London Pride ‘failed to grasp the importance of diversity’, report claims

Bi and trans people report being insulted and made to feel unwelcome at the event, which 'did not reflect the city's diverse LGBT+ community'.

The organisers of London Pride failed to ensure the event in July reflected the diversity of the capital’s LGBT+ community, a damning new report has said.

“The current Pride organisers have failed to grasp the importance of diversity,” the Community Advisory Board said, “nor of the intersectionalities that many LGBT+ people experience around race, gender, age, disability, and even their sexual orientation and identity”

The report goes on to list a number of “failings” by the organisers, particularly in relation to people from black and ethnic minority backgrounds, noting that the relationship between the Pride Board and UK Black Pride broke down completely before the event.

The report also criticised Pride’s #LoveHappensHere marketing campaign, saying it found posters to be “normative, cis, and white and erasing of BAME people, bi people, and trans people for whom there was no visibility.”

The report appears to chime with the experiences of some bi and trans people who attended the event.

Journalist Jem Collins wrote in iNews that biphobia made her feel excluded. She said:

“Once again, both on the parade and later in the surrounding pubs and clubs it felt like all eyes were on me for invading an LGBT safe space, despite the fact this space should be just as much mine as anyone else’s. Even if I got as far as explaining my sexuality, it felt like I simply wasn’t gay enough to be there.”

Meanwhile, writer Shon Faye tweeted that several women made transphobic comments to her at the event. She said:

“I learned that I can now expect to be told I look beautiful before I am called a man. A drunk cis woman called me over to her and told me I looked beautiful then said ‘you sure had me fooled’ – disgusting…

“Another cis woman asked my name then asked “what’s your real name on your birth certificate”

To better reflect diversity within the LGBT+ community, the report advised organisers make bi people the central focus of the Pride Parade next year, saying:

“Going forward, it may be appropriate that each year, one of the more marginalised sections of London’s LGBT communities – for example, BAME, bi, trans, and intersex people – should, on rotation, be given pride of the place in the Parade.”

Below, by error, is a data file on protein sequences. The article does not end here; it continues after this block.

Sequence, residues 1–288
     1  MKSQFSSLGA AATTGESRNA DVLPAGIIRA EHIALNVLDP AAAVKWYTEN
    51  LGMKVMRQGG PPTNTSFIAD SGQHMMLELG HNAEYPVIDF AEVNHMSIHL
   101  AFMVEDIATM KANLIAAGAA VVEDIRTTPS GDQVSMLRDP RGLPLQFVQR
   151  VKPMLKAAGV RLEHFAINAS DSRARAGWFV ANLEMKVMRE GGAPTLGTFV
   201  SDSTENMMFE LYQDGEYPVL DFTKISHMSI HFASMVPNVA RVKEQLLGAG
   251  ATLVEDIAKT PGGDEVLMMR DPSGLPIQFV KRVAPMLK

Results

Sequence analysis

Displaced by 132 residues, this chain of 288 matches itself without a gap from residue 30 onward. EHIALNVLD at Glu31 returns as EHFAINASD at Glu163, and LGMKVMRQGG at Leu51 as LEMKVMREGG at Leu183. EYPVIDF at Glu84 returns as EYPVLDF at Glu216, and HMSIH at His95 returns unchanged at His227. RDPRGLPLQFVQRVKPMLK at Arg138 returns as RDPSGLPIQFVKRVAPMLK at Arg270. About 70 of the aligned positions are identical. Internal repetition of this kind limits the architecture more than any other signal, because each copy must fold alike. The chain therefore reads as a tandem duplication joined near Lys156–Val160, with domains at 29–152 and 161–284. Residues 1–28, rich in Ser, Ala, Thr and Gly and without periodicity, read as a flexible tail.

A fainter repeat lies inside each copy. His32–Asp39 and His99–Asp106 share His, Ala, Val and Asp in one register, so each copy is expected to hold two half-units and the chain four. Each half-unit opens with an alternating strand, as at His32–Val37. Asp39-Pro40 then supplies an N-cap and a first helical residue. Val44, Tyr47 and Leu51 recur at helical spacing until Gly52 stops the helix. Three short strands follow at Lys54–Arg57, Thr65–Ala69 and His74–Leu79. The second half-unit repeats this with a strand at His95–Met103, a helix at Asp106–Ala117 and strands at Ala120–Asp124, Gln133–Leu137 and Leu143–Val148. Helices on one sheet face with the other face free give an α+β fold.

It also called for “full involvement and integration of BAME LGBT+ people”.

CAB Chair, Adrian Hyyrylainen-Trett said the board felt there had been “significant disquiet across the LGBT+ communities, around Pride’s corporate nature, lack of inclusion, [and] bad handling of sensitive intersectionality issues” and sought to reflect this.

CAB Deputy Chair, Edward Lord OBE, added:

“This has not been an easy report to write. The CAB wants Pride to succeed, and we pay tribute to the LLCP Board for the growth of the event over the last five years and for the positive profile that it has generated for LGBT+ people in London and beyond. We regret however that this has been at the cost of the more marginalised members of our communities, those who are already so often erased or ignored.”

Pride released a statement in response to the report, claiming parts of it were inaccurate. A spokesman said:

“We deliberately gather feedback from many sources, including our volunteers and the wider community through open meetings, surveys and online reporting. We do not believe the CAB report reflects the majority view nor takes in to account these other sources of data, it is also inaccurate in many places which is disrespectful to the many volunteers that work hard to deliver the event. Their report was not shared with us in advance and therefore we were not able to correct these inaccuracies. We will be looking at each of the points they raise and we have invited them to meet with us. Unfortunately the CAB has suffered from some long standing vacancies (such as a women’s rep), which has adversely affected its ability to provide us with consistently strong and balanced guidance.”

Charlotte England is a freelance journalist. Follow her on Twitter.

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